1. Grab the cleaning supplies

  2. Scrub the toilet

  3. Scrub the bathtub

  4. Take a 10 minute break- maybe drink some water and have a snack or watch something funny online

  5. Scrub the shower tile

  6. Clean the mirror

  7. Put the cleaning supplies back

“Grab the cleaning supplies,” might feel a lot more manageable than, “clean the whole bathroom.” Adding in breaks also helps prevent your mind from thinking as though everything all has to be done at once. It can be helpful to be patient and space out the task; give yourself realistic deadlines and chip away at bigger chores in a paced manner. Relax into it and be mentally present to avoid a false sense of urgency causing you to feel unnecessarily rushed.

Another useful strategy is to prioritize tasks. Always place the biggest, most important tasks as the top priorities and work in the smaller things here and there when you have some time between the bigger things. Don’t just get started with all the little things first and put off the bigger ones because that quickly becomes a way to put off the bigger things indefinitely. Several larger, more complex goals building up causes more stress than a bunch of things that can be checked off very quickly. Finishing the bigger things provides more of a sense of accomplishment and motivation.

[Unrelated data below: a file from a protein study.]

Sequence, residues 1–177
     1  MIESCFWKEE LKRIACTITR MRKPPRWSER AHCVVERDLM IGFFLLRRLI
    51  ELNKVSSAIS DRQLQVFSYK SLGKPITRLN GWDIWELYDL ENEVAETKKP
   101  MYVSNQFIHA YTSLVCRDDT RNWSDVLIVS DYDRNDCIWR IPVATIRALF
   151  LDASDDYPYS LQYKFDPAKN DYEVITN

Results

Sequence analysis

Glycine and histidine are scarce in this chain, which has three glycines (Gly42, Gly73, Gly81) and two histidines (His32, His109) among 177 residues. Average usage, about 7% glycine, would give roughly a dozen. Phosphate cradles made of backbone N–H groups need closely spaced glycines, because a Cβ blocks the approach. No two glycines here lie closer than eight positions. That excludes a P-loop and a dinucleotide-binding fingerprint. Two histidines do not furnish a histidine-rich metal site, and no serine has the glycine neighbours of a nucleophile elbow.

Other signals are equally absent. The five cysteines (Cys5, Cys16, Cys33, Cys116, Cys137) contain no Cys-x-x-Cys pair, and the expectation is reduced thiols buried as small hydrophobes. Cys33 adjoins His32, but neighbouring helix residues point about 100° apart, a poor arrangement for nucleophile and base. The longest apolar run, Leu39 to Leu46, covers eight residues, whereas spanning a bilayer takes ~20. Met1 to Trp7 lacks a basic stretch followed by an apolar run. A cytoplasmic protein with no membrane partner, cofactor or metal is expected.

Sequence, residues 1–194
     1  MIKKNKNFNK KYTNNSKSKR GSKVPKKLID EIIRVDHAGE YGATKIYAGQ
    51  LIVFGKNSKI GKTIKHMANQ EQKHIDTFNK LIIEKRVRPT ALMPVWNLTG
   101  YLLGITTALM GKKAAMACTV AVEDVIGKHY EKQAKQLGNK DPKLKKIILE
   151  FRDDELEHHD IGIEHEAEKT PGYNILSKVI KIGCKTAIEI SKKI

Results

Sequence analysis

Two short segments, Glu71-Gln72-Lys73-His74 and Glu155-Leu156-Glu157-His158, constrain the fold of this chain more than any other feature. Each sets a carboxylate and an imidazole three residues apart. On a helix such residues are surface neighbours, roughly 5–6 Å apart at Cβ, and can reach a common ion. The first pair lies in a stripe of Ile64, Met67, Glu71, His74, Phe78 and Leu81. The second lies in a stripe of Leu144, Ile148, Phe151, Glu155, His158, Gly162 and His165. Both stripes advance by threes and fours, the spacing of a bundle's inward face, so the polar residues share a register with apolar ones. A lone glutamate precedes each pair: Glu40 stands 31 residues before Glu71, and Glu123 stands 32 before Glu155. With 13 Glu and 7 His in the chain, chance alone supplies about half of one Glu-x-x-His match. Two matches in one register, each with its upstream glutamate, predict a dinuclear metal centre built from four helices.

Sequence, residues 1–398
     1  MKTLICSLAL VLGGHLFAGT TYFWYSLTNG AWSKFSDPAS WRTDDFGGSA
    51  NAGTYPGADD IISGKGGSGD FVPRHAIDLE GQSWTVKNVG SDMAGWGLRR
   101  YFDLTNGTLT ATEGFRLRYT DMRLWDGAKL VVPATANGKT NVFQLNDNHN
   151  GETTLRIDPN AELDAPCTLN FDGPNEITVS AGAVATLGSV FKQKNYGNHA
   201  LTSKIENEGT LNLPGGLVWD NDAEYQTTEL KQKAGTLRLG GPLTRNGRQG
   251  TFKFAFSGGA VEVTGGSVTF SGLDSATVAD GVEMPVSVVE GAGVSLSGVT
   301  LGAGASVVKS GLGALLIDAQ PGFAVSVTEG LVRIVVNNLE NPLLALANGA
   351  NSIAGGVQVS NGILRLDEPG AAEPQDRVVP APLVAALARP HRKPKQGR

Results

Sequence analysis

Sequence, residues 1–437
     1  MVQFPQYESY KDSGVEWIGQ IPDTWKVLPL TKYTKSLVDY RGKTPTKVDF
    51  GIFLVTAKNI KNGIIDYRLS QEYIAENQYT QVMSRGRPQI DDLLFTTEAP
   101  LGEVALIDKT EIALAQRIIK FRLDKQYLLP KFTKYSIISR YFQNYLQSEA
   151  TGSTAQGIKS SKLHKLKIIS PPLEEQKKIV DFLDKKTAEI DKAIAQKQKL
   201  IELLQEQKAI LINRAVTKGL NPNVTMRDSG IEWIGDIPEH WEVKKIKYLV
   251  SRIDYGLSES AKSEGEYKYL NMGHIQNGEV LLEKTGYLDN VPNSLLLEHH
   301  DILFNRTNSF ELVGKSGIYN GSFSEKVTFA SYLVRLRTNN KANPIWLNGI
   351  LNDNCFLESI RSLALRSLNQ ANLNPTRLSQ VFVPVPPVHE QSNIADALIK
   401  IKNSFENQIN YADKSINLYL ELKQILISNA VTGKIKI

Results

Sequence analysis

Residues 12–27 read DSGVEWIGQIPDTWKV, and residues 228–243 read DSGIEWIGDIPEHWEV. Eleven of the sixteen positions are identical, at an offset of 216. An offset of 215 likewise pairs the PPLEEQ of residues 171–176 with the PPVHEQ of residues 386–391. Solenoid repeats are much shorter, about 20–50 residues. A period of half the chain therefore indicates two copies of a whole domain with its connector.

Coping Strategies for Executive Dysfunction During Anxiety Attacks

One strategy that can be helpful is to practice deep breathing and mindfulness. You can find videos on YouTube that will guide you through breathing exercises. Dialectical Behavioral Therapy (DBT) includes excellent mindfulness training skills but there are also many apps available to help with mindfulness training. Just keep in mind that you need to practice mindfulness on a frequent basis and make it second nature before you can expect to be successful with it when you are getting flooded. By taking deep breaths and focusing on the present moment, you can reduce anxiety symptoms and improve cognitive functioning overall.

Another strategy that can be helpful is to engage in physical activity. Exercise is how the body processes out excess adrenaline and cortisol which can really help improve cognitive functioning. Try taking a short walk, doing some stretches or yoga, or maybe even some jumping jacks. Focus on a mantra like, “just take it step by step, there’s time to get this done, I don’t have to do everything all at once, I can take breaks along the way.”


Lifestyle Changes to Manage Executive Dysfunction

In addition to therapy and mindfulness techniques, lifestyle changes can also be helpful for managing executive dysfunction. Engaging in regular exercise, eating a balanced diet, and getting sufficient sleep can all improve cognitive functioning and reduce anxiety symptoms. It is also essential to engage in activities that promote relaxation and stress reduction such as reading and other hobbies or talking about your feelings and struggles with a compassionate person. If you’re always busy, commit yourself to adopting this attitude: “relaxation IS productive.”